So what IS the benefit?  The most important benefit is that we get to employee people for the entire year.  No more temporary employees and a solid team that can benefit the business and the community.  In addition there is also our mission of feeding people - kind of a big deal!

See, the winter is when the biggest impact is made for your health and local food. The winter vegetables in the stores are the majority hydroponic or from Mexico and China (yes, even the organic ones).  None of these are good options to provide healthy, sustainable or even tasty food.  Going local in the winter - even if the cost goes up - is worth every penny - particularly when you purchase from us:  Grown in soil, grown using no chemicals, grown without using fossil fuels and grown locally.  

Now, if we lost like this all year-round then we wouldn't be a-round for very long.   That's why we manage the farm in a way that allows us to make up for our losses in winter time with our summer season profits and in diversifying our crops and our market streams.  However, without the CSA, we wouldn't exist.

This year's CSA was a tremendous success!  There were no missed weeks, the members got the value for their food.  The members were able to get 19 varieties of freshly harvested produce - right in the middle of the winter and the feedback we received was amazing!  Of course, it could have been better.  Next year, it will be.  Every year we continue to get better and refine.  What we have learned this year is incredible.  The amount of data we were able to collect and are now able to implement is priceless and we are ridiculously excited to implement it next winter too!

So, next winter, when you sign up for your CSA, remember what you are paying for.  Remember why the costs are increased and realize the benefit that you are bringing to not only your health, but to our farm, the local community and regenerative food.  We couldn't do it without you!

Questions?  Comment below - we want to hear from you!

Sunday, February 4, 2018

"Organic" Does Not Always Mean Pure

I remember one time being at the Farmer's Market and a woman asked me if we were "Organic." I told her about how we went well beyond "Organic" and she laughed. Really. Out loud. She didn't believe that Organic wasn't pure. Little do people know how sad the Organic certification has become and how little it resembles pure food. Better than GMO? Yes! But, really, it's almost like comparing Cyanide to Sugar. Sure, sugar is much better than Cyanide, but it by no means is going to cure you from cancer! Sugar is still not good for you...and dare I say, perhaps "Organic" isn't either. Check out this eye-opening article that I came across from don'twastethecrumbs.com where it lists the top 14 things that the Organic Industry is hiding from you, the consumer.  Then, after you are thoroughly disgusted, you can leave your thoughts below.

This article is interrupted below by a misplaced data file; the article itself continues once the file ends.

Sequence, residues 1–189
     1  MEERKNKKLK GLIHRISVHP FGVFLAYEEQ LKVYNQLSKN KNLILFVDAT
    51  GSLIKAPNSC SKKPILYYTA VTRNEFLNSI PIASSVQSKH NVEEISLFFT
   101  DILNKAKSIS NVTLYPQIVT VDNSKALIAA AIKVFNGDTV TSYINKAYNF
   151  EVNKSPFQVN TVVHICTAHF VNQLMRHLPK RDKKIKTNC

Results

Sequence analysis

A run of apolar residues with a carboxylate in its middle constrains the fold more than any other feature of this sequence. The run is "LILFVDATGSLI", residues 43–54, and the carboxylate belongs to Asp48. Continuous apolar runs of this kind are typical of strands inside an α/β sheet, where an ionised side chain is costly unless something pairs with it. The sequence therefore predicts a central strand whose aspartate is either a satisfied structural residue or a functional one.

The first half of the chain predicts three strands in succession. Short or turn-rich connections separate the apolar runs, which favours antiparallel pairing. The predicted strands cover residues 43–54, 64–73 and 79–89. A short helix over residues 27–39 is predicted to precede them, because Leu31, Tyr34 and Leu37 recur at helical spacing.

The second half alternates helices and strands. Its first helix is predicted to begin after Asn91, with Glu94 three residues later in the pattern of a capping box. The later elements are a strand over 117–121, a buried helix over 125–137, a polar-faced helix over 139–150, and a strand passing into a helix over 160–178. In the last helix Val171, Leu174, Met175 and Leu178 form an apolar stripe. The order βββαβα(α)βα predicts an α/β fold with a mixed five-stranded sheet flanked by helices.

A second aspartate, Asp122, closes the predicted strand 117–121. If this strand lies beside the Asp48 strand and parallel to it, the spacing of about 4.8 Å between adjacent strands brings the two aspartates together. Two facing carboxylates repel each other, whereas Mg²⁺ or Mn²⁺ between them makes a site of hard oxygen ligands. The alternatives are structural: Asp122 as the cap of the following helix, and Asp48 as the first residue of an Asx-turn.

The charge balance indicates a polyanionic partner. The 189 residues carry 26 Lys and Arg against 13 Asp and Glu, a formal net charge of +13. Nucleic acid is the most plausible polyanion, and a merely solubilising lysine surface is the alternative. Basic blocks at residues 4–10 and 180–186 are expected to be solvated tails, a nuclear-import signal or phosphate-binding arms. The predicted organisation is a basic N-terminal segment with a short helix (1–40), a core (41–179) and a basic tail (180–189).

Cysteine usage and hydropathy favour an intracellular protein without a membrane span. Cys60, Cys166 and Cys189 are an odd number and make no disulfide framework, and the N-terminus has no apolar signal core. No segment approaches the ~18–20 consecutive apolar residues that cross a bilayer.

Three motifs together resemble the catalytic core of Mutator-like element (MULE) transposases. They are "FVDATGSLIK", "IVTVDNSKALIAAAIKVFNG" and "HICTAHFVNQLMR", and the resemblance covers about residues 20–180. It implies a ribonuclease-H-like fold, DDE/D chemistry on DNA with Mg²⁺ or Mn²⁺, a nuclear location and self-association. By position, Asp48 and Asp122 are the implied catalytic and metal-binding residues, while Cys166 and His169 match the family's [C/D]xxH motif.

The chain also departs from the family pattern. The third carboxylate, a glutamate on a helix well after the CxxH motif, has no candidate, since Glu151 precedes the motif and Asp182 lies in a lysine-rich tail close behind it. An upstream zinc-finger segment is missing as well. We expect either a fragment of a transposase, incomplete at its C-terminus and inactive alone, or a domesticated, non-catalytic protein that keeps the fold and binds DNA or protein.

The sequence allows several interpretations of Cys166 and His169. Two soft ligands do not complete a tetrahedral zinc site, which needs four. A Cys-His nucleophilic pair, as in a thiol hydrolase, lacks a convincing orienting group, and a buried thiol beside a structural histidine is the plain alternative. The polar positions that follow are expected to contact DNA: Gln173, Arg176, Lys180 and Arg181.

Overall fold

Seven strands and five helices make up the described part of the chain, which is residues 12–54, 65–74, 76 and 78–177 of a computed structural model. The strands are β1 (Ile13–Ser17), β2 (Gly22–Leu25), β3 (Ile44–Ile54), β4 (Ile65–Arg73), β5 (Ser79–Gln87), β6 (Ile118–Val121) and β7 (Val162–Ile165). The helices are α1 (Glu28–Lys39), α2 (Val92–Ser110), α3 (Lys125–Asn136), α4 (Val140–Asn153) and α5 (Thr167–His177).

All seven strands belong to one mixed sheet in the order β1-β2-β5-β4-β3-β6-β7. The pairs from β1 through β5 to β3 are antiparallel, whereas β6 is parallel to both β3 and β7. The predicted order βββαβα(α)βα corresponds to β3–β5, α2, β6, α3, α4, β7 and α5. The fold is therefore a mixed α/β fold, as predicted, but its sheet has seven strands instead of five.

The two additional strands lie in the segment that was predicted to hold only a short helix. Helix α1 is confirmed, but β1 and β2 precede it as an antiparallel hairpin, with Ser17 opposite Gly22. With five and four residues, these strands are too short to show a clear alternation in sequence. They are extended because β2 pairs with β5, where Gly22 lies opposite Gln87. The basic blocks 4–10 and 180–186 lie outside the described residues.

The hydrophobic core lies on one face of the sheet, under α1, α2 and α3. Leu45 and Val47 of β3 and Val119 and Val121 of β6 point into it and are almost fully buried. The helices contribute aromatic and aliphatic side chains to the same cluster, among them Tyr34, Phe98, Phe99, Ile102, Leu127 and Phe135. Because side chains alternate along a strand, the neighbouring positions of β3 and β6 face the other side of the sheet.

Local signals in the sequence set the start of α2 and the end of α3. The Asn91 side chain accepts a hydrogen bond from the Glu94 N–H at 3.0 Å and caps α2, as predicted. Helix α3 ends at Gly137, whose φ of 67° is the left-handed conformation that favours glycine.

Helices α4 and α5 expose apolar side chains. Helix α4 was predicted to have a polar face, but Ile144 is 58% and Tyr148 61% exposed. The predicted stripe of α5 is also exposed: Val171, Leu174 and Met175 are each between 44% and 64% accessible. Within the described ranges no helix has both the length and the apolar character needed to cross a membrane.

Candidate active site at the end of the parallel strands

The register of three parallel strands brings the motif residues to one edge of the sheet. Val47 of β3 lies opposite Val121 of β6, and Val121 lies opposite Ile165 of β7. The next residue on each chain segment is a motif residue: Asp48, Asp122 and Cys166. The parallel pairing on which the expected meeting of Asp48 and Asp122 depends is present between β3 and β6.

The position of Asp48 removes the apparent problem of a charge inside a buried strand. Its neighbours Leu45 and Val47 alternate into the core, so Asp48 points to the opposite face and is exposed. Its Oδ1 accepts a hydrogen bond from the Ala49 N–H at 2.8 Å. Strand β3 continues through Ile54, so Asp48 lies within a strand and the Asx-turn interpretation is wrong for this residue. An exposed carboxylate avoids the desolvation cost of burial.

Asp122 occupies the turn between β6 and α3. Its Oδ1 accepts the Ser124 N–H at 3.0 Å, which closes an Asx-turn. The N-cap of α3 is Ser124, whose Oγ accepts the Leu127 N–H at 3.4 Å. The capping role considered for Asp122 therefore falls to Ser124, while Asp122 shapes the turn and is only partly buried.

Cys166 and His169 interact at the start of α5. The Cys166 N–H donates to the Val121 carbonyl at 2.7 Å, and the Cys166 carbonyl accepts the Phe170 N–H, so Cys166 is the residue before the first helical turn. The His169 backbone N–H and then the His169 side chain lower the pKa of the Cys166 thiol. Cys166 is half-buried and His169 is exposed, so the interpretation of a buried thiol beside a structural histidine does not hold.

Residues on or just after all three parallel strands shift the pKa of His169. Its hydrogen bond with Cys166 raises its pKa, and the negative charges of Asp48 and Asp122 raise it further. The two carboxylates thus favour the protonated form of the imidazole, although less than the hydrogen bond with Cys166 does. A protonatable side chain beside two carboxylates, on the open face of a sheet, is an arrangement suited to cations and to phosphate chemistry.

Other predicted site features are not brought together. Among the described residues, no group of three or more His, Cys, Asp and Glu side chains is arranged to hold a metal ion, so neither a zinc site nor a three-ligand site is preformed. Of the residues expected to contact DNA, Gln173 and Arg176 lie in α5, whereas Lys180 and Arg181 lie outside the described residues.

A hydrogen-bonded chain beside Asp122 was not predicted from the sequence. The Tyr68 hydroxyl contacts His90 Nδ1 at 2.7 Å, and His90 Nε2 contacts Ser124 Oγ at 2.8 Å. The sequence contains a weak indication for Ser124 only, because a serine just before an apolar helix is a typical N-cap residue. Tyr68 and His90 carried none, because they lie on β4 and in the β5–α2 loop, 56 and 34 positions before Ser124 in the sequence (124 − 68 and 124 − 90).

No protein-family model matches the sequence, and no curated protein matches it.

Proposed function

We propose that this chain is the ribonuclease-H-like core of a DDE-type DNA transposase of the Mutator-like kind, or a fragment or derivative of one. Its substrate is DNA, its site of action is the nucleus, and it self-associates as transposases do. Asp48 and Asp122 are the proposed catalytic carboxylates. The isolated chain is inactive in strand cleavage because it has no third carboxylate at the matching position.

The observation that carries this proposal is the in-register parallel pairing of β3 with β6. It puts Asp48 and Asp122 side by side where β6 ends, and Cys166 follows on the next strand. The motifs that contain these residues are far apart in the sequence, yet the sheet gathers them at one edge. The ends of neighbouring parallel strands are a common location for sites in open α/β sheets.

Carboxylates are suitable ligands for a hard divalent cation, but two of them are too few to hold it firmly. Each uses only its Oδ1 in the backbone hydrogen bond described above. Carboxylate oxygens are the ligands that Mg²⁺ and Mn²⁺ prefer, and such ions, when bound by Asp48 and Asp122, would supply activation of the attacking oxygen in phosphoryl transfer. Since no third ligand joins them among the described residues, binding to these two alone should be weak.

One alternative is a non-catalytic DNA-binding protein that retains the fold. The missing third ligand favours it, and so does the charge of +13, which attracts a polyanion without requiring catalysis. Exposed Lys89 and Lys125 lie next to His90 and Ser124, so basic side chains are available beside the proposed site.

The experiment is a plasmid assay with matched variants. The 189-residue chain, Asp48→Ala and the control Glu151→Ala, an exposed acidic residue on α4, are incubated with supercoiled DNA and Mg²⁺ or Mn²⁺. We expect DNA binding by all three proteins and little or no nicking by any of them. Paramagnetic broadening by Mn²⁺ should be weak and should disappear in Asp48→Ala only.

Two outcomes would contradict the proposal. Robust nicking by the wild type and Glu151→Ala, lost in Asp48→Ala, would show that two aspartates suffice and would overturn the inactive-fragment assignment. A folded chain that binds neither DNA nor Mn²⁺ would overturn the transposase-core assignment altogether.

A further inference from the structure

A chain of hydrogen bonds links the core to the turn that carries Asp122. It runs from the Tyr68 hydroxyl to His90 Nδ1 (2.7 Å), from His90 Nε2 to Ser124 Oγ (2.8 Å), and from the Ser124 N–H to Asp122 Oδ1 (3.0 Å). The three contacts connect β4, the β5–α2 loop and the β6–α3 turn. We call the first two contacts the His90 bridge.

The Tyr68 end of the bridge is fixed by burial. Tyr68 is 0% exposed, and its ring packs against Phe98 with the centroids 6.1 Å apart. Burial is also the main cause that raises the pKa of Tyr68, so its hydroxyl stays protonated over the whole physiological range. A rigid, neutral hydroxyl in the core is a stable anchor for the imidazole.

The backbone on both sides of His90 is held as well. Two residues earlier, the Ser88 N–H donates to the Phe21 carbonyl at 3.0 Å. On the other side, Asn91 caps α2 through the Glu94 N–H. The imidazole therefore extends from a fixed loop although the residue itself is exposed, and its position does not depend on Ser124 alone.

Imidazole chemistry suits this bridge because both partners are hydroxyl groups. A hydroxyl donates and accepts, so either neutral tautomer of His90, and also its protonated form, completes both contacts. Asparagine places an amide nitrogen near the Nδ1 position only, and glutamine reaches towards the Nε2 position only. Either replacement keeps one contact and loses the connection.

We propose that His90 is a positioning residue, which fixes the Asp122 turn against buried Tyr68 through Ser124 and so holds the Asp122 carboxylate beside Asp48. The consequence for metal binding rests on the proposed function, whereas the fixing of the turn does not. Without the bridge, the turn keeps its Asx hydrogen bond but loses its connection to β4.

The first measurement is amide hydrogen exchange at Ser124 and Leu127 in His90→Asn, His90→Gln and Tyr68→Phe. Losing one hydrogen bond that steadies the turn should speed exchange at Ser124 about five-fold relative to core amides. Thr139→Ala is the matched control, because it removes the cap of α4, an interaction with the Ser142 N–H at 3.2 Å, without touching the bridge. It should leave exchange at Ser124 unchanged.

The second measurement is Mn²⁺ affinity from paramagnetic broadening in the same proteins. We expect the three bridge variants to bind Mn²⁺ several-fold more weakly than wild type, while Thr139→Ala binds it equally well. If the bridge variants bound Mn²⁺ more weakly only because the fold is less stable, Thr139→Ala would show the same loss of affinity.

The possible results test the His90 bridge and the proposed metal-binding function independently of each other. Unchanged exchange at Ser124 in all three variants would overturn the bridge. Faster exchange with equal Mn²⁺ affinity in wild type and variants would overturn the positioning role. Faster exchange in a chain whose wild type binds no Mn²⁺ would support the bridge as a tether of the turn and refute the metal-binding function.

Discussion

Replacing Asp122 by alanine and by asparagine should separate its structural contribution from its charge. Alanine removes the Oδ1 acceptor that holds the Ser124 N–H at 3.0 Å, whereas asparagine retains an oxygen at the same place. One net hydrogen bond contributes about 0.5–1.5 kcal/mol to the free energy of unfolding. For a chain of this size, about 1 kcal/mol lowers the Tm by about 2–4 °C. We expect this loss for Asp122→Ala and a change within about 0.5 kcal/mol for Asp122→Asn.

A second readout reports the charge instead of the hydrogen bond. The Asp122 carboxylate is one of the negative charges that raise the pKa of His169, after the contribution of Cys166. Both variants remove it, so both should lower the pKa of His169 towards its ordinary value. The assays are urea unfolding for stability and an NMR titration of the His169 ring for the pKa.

Friday, February 2, 2018

Don't Just Take Our Word For It!

Beyond-Sustainable. Beyond-Labels.
Tag-lines. Catch-Phrases. Labels…Greenwashing. 

We HATE labels.  Really, what are they but marketing tools anyway?  We have them and use them like everyone else, but really,  how do you know if your farmer truly is what he/she says they are?  They say they are “Regenerative,” “Beyond-Organic,” “Pure,” “Sustainable” and that their animals are “Grass-fed,” “Pasture Raised,” “Humanely Raised,” “Free-Ranged,” but are they REALLY?  There’s only one way to know for sure.  That’s why we open our farm to the public for tours, to come and volunteer, to visit our farm store (open Spring 2018) and see the property , to visit with our animals, to walk our fields and ultimately to build a relationship with YOU! 

Want to see what we use for fertilizer? Ask! Want to see the condition the chicken’s live in? No Problem! Want to dig your hands in the soil to see the worms and to see the living organisms?  Feel free! Want to see the seed packages? Want to see our soil analysis?  Want to see our water analysis? Want to see our production area, our wash station, our greenhouses, our…you name it, we are 100% completely transparent and have nothing to hide. 

So what is “Regenerative Agriculture” anyway?  Well, according to Regeneration International a regenerative farm must practice the following:
  • No Till/Minimum Till
  • Restore the plant/soil microbiome composts, cover crops and manures
  • Building biological ecosystem biodiversity
  • Well-managed grazing systems
  • No synthetic chemicals (even “Organic” ones)
  • Animal welfare
  • Water conservation practices